The chorus is a huge protagonist in this opera of bullying persecution (as are so many of Britten’s), and London Voices were enthusiastically in character, each in individual role.

It’s just a pity that they were clutching scores all the time.

In a large cast, Stuart Skelton was simply heartbreaking as a shambling, bewildered Grimes, implying derangement in this lonely fisherman, his vocal flexibility allied to despairing body-language.”     ,,,

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Review by Geoff Read, SeenandHeard, MusicWeb:

Click here for full review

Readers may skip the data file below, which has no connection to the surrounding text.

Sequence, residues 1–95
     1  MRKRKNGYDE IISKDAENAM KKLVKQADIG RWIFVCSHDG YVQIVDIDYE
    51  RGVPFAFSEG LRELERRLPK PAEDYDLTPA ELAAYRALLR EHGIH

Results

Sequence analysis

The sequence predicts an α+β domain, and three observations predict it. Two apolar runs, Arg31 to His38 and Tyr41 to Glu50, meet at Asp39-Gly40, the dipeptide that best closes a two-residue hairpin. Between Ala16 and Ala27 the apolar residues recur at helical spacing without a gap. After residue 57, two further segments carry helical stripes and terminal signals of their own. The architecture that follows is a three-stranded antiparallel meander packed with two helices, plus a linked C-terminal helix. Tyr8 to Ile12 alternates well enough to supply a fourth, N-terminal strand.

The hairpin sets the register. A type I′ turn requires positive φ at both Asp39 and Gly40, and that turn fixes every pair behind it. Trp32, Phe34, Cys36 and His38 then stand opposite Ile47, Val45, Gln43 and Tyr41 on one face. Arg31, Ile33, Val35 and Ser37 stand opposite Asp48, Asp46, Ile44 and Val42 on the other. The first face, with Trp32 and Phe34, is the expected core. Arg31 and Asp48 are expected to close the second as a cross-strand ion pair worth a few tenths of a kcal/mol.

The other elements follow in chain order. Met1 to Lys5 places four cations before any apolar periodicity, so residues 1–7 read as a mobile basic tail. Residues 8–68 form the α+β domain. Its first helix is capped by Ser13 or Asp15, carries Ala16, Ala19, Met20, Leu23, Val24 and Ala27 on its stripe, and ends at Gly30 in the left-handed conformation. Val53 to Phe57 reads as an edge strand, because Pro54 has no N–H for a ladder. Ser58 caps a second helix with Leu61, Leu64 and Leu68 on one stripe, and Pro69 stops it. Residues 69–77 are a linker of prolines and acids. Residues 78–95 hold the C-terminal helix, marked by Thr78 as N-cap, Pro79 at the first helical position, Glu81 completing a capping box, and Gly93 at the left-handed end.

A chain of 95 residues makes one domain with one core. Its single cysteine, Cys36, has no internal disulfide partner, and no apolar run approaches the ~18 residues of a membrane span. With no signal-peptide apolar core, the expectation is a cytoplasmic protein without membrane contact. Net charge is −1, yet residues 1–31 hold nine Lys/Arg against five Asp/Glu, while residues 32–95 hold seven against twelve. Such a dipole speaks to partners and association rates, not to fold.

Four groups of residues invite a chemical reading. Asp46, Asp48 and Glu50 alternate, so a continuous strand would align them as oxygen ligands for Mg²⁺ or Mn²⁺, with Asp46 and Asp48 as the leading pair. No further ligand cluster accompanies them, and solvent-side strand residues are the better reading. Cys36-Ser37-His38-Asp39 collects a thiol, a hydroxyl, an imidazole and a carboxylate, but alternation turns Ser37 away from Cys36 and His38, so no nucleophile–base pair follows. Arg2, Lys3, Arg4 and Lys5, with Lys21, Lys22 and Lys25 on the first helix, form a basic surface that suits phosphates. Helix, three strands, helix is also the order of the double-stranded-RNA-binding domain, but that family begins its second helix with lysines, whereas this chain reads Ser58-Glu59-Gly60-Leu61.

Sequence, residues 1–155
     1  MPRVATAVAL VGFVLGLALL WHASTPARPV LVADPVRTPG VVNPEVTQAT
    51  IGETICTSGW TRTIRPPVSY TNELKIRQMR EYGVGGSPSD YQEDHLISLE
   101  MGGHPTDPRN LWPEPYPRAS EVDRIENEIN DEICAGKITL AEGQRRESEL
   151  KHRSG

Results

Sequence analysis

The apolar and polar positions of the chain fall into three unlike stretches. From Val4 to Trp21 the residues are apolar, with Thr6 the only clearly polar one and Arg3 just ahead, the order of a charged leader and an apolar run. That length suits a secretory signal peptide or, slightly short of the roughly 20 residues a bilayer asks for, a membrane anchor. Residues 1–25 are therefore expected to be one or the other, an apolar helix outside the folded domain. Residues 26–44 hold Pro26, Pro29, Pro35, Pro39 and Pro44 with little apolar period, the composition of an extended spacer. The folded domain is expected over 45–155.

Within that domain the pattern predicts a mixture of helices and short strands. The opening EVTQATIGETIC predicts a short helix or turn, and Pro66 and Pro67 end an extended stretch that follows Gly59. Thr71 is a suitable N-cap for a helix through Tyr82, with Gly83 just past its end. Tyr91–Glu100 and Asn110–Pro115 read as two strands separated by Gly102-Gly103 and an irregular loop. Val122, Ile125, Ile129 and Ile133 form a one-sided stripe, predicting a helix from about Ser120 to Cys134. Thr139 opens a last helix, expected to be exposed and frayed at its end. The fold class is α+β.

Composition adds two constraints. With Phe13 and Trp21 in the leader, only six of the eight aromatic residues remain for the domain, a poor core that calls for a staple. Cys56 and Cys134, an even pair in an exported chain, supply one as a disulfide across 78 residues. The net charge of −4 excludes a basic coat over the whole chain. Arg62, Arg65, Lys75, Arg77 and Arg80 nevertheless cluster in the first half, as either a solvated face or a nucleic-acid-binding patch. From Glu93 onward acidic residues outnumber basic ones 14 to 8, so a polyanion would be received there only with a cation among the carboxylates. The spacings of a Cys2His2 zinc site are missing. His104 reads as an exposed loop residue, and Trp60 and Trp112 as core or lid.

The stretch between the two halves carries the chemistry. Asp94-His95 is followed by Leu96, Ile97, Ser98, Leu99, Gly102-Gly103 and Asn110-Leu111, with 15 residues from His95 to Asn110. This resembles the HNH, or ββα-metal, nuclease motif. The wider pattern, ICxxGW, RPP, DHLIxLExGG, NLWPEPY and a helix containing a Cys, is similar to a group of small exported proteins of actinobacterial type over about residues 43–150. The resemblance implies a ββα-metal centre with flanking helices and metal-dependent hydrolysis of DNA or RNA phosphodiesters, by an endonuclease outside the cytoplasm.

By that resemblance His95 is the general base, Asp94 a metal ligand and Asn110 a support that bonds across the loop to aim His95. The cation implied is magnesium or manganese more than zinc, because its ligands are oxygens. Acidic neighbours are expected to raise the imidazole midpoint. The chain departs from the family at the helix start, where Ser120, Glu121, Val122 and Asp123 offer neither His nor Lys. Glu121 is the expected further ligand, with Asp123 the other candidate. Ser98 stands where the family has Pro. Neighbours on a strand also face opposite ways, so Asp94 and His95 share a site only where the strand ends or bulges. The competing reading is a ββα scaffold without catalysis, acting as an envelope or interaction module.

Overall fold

…     “Knitting it all together were the London Philharmonic Orchestra and Vladimir Jurowski their Principal Conductor, another immense contribution. Jurowski’s opera experience (Komische/Glyndebourne) showed with his sympathetic accompaniment of the soloists, while his handling of the six interludes generated a rich symphonic poem characteristic. In Dawn, the flutes of Florian Aichinger and Stewart Mcilwham combined exquisitely with the strings led by Peter Schoeman to produce the familiar composite timbre that opens the first of the Four Sea Interludes. Jurowski painted a graphic picture from Britten’s tonal and atonal mix. The LPO gave a cacophonous reproduction of the Storm themes in Interlude II, noted for Britten’s use of the Phrygian mode to symbolise the inner angst of Grimes. Watching Jurowski handle the constantly changing rhythms of Sunday Morning revealed a conductor on peak form. The Passacaglia provided further musical evidence of the multi-faceted personality of Grimes, its complex ground bass affording a background for the dark viola solo of Hung-Wei Hang. The upper woodwind spikes penetrated the stuttering chorale of Moonlight while the Fog cadenza had sanity-destroying eeriness.